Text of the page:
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Many Airliners Flying Without Life Rafts

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US Airways Flight 1549
Dave Savini Dave Savini
Award-winning Chicago journalist Dave Savini serves as investigative...
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CHICAGO (CBS) – There are major airliners flying planes without potentially life-saving gear — life rafts. These rafts can protect passengers from frigid and fast-moving water when a plane has to emergency ditch in the water.

Airlines are getting around the safety rules with the help of the Federal Aviation Administration (FAA). CBS 2 Investigator Dave Savini discovered the FAA has, for years, been granting special waivers.

Back in 2009, passengers of US Airways Flight 1549 – that ditched in the Hudson River after birds knocked out the engines – were fortunate there were life rafts aboard. Bill Elkin was one of the passengers.

“Once I came to and I realized I was still on the plane, and it was filling up with water, to me that was more terrifying than the thought of the plane crash,” said Elkin who raced off the plane before it could sink then worried about staying safe in the frigid water.

“I didn’t take my lifejacket or my seat cushion,” said Elkin. “I say about half the passengers remembered to take their seat cushions and the other half didn’t.”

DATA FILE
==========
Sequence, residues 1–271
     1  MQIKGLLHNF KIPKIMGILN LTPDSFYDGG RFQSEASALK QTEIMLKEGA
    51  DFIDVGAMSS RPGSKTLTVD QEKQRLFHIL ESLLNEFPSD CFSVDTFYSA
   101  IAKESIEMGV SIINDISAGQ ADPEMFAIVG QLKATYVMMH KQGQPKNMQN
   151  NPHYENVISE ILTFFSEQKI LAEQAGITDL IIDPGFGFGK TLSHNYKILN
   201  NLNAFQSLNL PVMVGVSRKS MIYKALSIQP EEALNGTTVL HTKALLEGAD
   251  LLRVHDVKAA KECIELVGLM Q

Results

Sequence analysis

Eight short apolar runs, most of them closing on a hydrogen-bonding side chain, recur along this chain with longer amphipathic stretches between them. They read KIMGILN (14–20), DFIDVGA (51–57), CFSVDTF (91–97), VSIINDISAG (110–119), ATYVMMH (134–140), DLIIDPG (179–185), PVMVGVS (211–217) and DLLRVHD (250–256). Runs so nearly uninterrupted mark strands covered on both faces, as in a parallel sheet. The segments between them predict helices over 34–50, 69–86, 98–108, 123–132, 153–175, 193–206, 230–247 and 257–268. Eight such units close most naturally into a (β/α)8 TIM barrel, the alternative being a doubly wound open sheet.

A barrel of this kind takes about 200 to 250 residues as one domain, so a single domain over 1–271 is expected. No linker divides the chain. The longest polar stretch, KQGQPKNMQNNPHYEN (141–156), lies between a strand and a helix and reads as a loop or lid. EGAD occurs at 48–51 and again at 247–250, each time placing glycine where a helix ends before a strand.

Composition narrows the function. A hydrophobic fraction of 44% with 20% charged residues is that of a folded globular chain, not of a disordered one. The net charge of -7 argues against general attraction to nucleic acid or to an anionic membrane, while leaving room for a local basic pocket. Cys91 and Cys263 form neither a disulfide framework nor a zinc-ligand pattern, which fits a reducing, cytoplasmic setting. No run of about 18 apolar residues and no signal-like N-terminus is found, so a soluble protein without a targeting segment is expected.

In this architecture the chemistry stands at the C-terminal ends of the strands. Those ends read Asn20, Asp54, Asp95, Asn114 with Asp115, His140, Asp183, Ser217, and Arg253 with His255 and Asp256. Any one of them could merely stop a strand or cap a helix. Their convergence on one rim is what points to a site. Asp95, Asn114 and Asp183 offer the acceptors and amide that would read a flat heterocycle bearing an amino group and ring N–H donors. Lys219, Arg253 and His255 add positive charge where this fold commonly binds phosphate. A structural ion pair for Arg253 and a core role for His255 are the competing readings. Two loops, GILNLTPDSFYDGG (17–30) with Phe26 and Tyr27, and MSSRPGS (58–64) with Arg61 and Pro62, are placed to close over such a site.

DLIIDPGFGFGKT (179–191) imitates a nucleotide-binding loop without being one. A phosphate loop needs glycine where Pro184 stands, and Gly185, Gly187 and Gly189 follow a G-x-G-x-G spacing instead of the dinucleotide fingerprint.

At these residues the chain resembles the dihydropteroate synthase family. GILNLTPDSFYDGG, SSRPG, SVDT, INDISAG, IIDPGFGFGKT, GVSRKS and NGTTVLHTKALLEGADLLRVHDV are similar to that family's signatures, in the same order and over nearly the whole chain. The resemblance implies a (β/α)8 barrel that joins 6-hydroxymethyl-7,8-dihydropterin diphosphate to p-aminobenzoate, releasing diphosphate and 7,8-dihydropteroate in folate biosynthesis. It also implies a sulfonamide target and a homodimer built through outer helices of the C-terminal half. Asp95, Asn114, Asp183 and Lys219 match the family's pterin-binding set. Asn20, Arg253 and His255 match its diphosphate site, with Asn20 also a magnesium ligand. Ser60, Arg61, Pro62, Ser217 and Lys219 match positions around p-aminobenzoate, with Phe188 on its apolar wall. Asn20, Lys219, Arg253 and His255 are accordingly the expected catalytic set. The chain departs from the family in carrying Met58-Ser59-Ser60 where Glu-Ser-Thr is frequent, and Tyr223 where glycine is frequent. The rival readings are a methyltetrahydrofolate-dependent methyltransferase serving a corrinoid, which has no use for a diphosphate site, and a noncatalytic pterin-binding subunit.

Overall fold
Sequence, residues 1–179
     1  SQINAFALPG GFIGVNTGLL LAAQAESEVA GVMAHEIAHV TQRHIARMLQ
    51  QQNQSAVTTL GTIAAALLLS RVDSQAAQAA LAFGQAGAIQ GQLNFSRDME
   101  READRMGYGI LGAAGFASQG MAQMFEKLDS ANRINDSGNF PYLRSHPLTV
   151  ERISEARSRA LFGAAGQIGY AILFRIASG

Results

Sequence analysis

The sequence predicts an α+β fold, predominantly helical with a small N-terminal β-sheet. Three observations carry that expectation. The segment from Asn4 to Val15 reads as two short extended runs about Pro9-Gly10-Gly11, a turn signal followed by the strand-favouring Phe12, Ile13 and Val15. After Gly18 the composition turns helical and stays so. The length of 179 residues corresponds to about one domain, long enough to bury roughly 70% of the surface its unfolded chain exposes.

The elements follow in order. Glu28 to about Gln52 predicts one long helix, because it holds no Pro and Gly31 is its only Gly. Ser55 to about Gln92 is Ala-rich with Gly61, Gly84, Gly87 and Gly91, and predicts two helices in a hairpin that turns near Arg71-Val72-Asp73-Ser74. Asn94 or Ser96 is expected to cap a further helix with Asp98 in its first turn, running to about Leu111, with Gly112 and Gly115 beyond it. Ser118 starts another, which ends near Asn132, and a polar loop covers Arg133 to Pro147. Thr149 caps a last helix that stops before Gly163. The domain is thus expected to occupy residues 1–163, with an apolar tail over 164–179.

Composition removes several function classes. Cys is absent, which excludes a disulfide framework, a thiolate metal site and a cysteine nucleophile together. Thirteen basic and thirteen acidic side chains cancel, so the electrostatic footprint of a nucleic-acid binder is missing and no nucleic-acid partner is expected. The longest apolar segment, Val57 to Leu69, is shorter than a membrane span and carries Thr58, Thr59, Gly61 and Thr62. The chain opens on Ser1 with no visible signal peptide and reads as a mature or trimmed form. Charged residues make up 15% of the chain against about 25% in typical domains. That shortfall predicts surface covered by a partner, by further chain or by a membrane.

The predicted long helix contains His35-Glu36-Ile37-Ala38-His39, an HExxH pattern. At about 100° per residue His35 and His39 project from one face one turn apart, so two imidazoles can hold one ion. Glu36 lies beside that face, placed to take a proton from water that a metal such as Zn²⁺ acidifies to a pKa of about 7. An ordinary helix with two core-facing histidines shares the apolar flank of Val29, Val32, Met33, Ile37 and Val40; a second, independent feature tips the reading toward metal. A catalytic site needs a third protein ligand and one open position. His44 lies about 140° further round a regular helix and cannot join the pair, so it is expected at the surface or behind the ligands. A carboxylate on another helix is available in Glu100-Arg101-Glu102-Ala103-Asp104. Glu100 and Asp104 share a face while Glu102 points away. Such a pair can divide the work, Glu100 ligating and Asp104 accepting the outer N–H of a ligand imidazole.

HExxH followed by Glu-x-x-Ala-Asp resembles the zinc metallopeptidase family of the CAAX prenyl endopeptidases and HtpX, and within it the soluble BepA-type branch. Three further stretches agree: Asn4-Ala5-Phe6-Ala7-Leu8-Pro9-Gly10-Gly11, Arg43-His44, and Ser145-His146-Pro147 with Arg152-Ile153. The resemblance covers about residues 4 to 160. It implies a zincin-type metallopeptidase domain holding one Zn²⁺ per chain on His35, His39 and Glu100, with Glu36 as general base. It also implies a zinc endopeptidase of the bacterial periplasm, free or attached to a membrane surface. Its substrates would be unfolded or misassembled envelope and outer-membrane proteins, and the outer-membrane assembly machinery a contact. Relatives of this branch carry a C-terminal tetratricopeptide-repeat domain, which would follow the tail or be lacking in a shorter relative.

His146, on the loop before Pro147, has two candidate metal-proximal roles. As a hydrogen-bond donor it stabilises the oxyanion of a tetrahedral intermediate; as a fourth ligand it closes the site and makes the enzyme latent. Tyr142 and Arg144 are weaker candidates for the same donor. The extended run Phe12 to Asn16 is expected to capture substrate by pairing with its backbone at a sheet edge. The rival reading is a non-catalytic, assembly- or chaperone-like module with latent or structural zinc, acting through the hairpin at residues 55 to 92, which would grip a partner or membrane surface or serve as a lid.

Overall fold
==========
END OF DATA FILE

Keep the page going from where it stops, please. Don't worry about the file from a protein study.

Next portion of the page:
Life rafts are mandatory safety equipment on airplanes for emergencies like this, but US Airways is one of 18 airlines, including American Airlines and United Airlines, that receive waivers from the FAA.

With a waiver, an airplane can fly without rafts as long as they are within 50 miles of land. At that distance, and depending on other factors, an airplane could glide to land.

LIST OF AIRLINES AND AIRCRAFT TYPES WITH WAIVERS

Captain Chesley Sullenberger, the former US Airways captain who safely ditched in the Hudson says life rafts should be on all aircraft.

“Had we not had life rafts and only seat cushions for flotation, I think it’s likely we would not have had a good outcome,” said Sullenberger, who was dubbed hero a for safely landing and saving his passengers.

He says the waivers should be eliminated and all airplanes should carry life rafts — even for inland flights.

“I think Flight 1549 is a good example of why they are necessary,” said Sullenberger.

A former FAA manager, Gabe Bruno who now heads an FAA whistleblower group, says the agency is increasing passenger risk with each granted waiver.

“It certainly saves money for the airlines,” said Bruno. “That’s where the motivation comes from.”

Bruno says just about every type of aircraft is covered by this waiver.

“You don’t know what sort of environment an aircraft might have to ditch in,” Bruno warns.

Aviation experts say a large number of major airports have rivers, lakes or oceans nearby. Fly out of Chicago and you might have to ditch in Lake Michigan.

“Wouldn’t it be a horrendous thing to survive the crash and then die because of the elements,” said Bruno.

Elkin says that could have happened on the Hudson had there not been life rafts, “I think it would have been catastrophic.”

But there was still a problem — reportedly not enough life rafts for all passengers. Elkin tells us about one passenger who jumped in the river.

“[He] started swimming for the shore and got about twenty feet from the boat and realized with the current and the temperature there was no way he was going to make it,” said Elkin.

Federal officials say that doomed airplane originally was supposed to fly without life rafts. A US Airways spokesman says FAA rules were followed.

In a statement, an FAA spokesman says almost all waivered aircrafts have evacuation slides that act as life rafts.

The Association of Flight Attendants, and some other aviation experts, are pushing to eliminate the waivers.

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